We move on to the calm and elegant Ada Rehan, not in costume, but in dazzling shimmering satin; the Irish actress famous, for her role as Katherine, in Taming of the Shrew. A contrast to the costumed painting of Ellen Terry as Lady Macbeth across the room, a dazzling outfit and portrait befitting such a renowned actress. Shakespearian purists will realise that the crown is never placed on Lady Macbeth’s head in the text or performance, Sargent uses artistic licence to create a dramatic motif to express Ellen Terry’s great talent in performing this exacting role.

Ada Rehan (1894)
Oil on Canvas

Ellen Terry as Lady Macbeth
Oil on Canvas
At the Exposition Universelle held in Paris in 1889 Sargent was fascinated by the re-creation of a Javanese Village where a performance of a symbolic dance was enacted. A series of studies of the dancers came from this and he produced three life-size, full-length paintings. A Javanese Dancing Girl is a move away from the wealthy or aristocratic ladies and gents he usually painted. Can you see the third hand? Capturing the rhythmic flick of the wrist perhaps.

A Javanese Dancing Girl (1889)
Oil on Canvas
I have gone on long enough, the exhibition is now open and on until 25 May 2015. For those readers of mine in the US, the exhibition will go on tour to The Metropolitan Museum of Art, New York from 30th June – 4th October 2015.

The exhibition is curated by Richard Ormond CBE (John Singer Sargent was his great-uncle), and he is also the co-author of the catalogue raisonne Sargent: Portraits of Artists and Friends (price £40). 

There are several books on Sargent in the lovely bookshop and if you cannot stretch to the big book, I found a small one, The Age of Elegance Paintings of John Singer Sargent (£5.95). It features some of the paintings in the exhibition plus a neat little biography at the end.

At the preview talk given by Richard Ormond I had the pleasure of standing next to A N Wilson, you can hear his views on the exhibition on Front Row.

For those of you who cannot resist a peek at Madame Gautreau as Madame X, please see links below.

Group with Parasols (c1904-5)
With kind permission of the National Portrait Gallery

Sunday, 8 February 2015

The Temple Church & Magna Carta

12th Annual Derek Melluish Lecture
Monday 2 February 2015

Photograph by MissB (c)

The Melluish Lecture is an important event in the City of London Guides' Calendar as well as an occasion which encourages the Masters of the Worshipful Companies to gather in great numbers. It was opportune that I had a meeting with one just before Evensong and was invited to join their number on the front row. 

The lecture is always held in a choice venue somewhere in the City, but The Temple will prove to be a hard act to follow. The site that started as an orchard was to bear the foundations of the Round of the Temple Church, in place by 1162. The Round also evokes two of the most scared buildings in medieval Christiandom, the other the Church of the Holy Sepulchre in Jerusalem (the site of Jesus’ own burial). Awe inspiring and sublime, its essence is palpable.

Before the lecture we are invited to join together for Choral Evensong – Candlemas – The Presentation of Christ to the Temple. It was also the anniversary of the Consecration of the Round Church by the Patriarch of Jerusalem, Candlemas 1185. This may not be of interest to anyone other than those of us immersed hopelessly in the joy of historical research but, Heraculius actually visited here, and walked the aisles.  

Fleet Street, The Temple (from Aggas Map 1563
(Old and New London 1897)

The congregation was seated in the chancel, which was built by the Templars as the burial-chapel of Henry III and his Queen and was consecrated in the King’s presence in 1219.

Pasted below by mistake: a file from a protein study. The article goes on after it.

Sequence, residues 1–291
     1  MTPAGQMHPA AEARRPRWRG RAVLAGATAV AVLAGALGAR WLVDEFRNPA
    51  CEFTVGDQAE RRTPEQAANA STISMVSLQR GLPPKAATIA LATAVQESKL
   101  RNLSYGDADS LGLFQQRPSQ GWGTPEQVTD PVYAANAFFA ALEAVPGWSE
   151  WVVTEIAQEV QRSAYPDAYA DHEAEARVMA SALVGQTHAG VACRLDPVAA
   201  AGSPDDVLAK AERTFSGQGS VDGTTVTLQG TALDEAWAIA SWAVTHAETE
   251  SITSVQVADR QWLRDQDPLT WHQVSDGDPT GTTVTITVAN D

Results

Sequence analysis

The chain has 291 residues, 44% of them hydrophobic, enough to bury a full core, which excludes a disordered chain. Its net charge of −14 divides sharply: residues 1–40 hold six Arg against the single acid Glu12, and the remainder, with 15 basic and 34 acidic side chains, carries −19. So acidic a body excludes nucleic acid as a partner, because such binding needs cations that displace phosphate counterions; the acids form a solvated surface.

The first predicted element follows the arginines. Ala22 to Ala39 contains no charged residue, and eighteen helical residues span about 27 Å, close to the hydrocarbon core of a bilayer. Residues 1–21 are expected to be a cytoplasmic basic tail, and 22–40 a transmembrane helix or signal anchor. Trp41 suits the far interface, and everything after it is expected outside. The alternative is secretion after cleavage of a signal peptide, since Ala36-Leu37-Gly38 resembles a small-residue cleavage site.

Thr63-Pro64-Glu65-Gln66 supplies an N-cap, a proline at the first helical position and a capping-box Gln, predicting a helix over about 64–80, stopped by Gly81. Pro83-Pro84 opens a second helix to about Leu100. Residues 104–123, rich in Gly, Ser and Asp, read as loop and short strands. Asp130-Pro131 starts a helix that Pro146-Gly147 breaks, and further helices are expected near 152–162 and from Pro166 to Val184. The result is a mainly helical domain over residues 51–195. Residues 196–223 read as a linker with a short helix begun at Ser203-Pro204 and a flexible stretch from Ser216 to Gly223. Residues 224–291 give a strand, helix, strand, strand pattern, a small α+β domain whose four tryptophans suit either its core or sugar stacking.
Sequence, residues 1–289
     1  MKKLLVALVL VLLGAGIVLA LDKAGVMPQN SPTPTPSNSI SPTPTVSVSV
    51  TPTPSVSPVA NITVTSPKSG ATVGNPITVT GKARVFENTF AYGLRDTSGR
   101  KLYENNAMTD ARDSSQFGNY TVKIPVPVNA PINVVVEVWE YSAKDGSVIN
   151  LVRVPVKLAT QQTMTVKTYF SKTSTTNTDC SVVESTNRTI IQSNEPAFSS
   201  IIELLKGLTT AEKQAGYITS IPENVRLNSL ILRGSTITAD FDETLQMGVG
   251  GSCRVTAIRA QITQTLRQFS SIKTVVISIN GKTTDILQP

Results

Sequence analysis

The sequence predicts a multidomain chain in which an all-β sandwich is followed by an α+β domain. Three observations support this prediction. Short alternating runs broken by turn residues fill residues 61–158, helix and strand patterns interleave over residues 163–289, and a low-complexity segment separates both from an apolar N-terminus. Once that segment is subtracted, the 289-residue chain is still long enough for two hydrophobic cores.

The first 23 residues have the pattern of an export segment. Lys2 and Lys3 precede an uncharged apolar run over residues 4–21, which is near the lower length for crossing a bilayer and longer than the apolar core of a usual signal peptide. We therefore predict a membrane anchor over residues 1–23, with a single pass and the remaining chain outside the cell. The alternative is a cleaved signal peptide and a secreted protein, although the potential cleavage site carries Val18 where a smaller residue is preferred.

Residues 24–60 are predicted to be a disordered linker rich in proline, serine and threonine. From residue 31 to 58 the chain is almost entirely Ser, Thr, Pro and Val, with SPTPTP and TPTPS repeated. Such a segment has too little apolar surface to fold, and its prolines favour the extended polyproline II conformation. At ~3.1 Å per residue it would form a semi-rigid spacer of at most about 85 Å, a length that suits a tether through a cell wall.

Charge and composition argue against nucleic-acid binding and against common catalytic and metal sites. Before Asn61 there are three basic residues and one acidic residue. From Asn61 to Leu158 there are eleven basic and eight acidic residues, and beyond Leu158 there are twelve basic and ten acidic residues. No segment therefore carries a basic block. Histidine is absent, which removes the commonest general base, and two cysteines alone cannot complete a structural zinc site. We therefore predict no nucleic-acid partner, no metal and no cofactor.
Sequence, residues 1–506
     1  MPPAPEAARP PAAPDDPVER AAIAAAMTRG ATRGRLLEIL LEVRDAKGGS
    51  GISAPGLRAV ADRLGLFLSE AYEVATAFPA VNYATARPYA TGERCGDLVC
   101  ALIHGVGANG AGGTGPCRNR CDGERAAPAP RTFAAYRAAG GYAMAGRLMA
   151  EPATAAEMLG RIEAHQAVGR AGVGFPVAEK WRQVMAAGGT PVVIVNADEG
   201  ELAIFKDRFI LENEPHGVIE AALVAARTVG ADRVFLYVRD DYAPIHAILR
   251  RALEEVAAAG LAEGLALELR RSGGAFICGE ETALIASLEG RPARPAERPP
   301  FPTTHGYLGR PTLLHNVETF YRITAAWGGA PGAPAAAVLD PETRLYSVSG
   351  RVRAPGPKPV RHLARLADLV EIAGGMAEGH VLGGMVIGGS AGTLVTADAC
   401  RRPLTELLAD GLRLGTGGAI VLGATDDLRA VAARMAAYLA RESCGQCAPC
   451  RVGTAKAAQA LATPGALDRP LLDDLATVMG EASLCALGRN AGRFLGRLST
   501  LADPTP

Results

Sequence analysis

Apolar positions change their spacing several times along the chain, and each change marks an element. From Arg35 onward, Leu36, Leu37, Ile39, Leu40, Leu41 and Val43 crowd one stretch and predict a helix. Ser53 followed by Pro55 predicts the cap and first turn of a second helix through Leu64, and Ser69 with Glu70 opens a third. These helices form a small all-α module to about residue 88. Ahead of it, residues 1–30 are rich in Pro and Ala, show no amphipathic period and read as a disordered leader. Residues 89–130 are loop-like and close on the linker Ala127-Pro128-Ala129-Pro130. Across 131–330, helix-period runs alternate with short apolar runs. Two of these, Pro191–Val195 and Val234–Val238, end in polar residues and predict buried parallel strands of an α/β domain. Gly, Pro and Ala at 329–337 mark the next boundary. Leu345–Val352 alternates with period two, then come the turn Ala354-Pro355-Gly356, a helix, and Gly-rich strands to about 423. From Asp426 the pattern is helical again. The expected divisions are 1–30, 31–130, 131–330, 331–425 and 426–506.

An excellent service with enthusiastic hymn singing led by the magnificent choir. The highlight was The Anthem, sung by the choir to music by Francesco Cavalli (1602-1676). So moving I sure there was not dry eye in the Church once the last note floated away.

(Picture  Old and New London 1897)

The service was taken by Reverend Robin Griffiths-Jones, Master of the Temple who was also giving the Lecture, no surprise as to the subject then, ‘The Temple and Magna Carta’.  William Marshal, Earl of Pembroke was one of the most powerful knights of King John’s reign, who had remained loyal to the King throughout the crisis of 1214-15. It was Marshal who ensured the sealing of the Magna Carta by the King. Marshal became regent to the boy-King Henry III and made sure that the powers bestowed to the country at large were upheld in 1216 and again 1217.  Henry III’s own re-issue of the Charter in 1225 ensured its survival for ever after.

William Marshal and his close friend Aymeric, Master of the Temple died within days of each other and were buried side by side in the Temple Church. The effigy of William still lies there next to his son and heir William Marshal II. The Victoria and Albert Museum have lent four C19th effigy-casts of the protagonists of the Magna Carta – King John, William Marshall,  William Marshall II and of Henry III. They are cast in bronze and show the ancient effigies before the damage inflicted in 1941.

(Old and New London 1897)

The lecture was brilliant, the Reverend Robin Griffiths-Jones deserves his own TV show. What a raconteur! He does of course know everything there is to know about his subject(s) and is highly entertaining in his delivery.  He also knew he could not get away without mentioning the ‘Da Vinci Code’ and its impact on the visitor numbers. As he said ‘How could he not be involved when people came in droves wanting questions answered about Jesus?’  The Reverend has also written a short but detailed book about all that is not 'quite right' with Dan Brown’s book.

I would recommend that you make a note to:
  • Visit The Temple Church soonest – Entry £5
  • Go to a service – Evensong
  • Buy the brochure and the book!
  • Attend any lecture that the Reverend Robin Griffiths-Jones may give
  • Pay to visit the church when the Reverend gives a tour
See the website for more details  There is also a detailed history on the site which is well worth a read.

The Round
Photograph taken by Miss B (c)